Usually, museum retrospectives for fashion designers are given posthumously or once an artist is already internationally established (Coco Chanel at the MET, Takashi Murakami’s collaboaration with Louis Vuitton at MOCA, Yves Saint Laurent at Musée des Beaux-Arts). In this case, Gagnon has been granted one in order to celebrate his ten-year career. Would the same happen in a city like Toronto, New York, or Paris — such a large scale show at a prestigious institution for a (relatively) small designer? While many have criticized that the exhibition happened prematurely in the designer’s somewhat nascent career, the fact that the prestigious Musée des Beaux-Arts is bold enough to acknowledge the craftsmanship of one of Montréal (and Canada’s), most talented clothing designers is unprecedented. It communicates what a uniquely supportive system exists within the Francophone-Québecois arts and fashion industries.
One gets the sense that a strong team is behind Denis Gagnon’s work through the coinciding special-edition publication for the exhibition made by Urbania magazine. It includes a collection of photos and revealing interviews with artists from Gagnon’s team, from stylist Yso to jeweler Mirielle Boucher of Harakiri. The publication holds up the collaborative spirit around which the Denis Gagnon label is produced. This exhibition was launched of course, in a characteristically Montréal fashion way: with multiple shows, openings, and parties, and with loads of print, radio, and television press all saying the same thing: “nous aimons Denis Gagnon!” From an outsider’s perspective the whole scene – an outpouring of adoration – may appear a bit delirious but it remains that Gagnon is a tireless artist who has given much to his city’s arts community; last season, two 500-person fashion shows from his collection were filled with curious fans, and line-ups trailing out the door.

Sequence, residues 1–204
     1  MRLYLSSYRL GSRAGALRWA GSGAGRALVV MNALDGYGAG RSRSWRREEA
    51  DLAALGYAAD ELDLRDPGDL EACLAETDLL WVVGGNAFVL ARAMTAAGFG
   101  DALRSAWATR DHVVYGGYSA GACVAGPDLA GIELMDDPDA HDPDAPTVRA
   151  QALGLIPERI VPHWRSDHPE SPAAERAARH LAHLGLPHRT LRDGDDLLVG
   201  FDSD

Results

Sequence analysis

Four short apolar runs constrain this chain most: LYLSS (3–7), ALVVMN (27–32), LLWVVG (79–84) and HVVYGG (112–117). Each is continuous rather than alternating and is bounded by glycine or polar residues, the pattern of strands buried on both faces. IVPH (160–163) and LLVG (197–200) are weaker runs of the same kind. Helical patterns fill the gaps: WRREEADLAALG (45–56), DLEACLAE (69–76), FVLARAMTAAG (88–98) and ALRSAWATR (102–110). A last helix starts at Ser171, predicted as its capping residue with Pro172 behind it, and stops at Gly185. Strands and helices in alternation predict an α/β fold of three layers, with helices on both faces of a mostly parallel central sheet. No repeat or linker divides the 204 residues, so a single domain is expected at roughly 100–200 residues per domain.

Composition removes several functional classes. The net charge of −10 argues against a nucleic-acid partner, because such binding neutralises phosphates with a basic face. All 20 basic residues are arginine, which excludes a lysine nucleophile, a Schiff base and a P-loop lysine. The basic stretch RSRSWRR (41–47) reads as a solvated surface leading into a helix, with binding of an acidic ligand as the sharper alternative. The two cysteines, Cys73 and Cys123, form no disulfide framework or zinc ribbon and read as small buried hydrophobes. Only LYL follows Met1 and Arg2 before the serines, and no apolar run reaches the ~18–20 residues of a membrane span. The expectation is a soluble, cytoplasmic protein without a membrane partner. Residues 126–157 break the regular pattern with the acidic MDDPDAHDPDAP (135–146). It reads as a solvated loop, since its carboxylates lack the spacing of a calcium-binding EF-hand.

Gagnon, Saucier, and Aquin’s collaborative approach with this show – asserting fashion as an object of art and architecture – is old by now and given the recentness of the works displayed, could have been more inventively displayed (something along the lines of current show fashion-meets-performance-art show at PS1), but what it does most effectively is provide pause for considering the effects of institutional support for an artist. Aquin laughed that he had no idea what Gagnon might sell his dresses for in the market once the exhibition was over but stated that maybe the Musée des Beaux-Arts’ celebration of his work would increase the designer’s profile. Maybe? Of course it would. As its cachet comes to include more meaning, more than mere fashion, more than just design, Gagnon’s works are becoming more associated as artworks themselves. After all, as we’ve known since Duchamp, art – what factors define it and how that changes its value – is all about context.